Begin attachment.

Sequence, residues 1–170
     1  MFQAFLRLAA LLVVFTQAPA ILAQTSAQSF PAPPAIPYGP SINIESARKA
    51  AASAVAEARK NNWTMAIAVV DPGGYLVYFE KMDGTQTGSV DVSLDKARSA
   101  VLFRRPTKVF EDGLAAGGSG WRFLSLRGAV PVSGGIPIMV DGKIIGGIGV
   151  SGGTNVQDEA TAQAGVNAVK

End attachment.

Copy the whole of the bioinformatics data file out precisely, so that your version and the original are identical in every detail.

Sequence, residues 1–170
     1  MFQAFLRLAA LLVVFTQAPA ILAQTSAQSF PAPPAIPYGP SINIESARKA
    51  AASAVAEARK NNWTMAIAVV DPGGYLVYFE KMDGTQTGSV DVSLDKARSA
   101  VLFRRPTKVF EDGLAAGGSG WRFLSLRGAV PVSGGIPIMV DGKIIGGIGV
   151  SGGTNVQDEA TAQAGVNAVK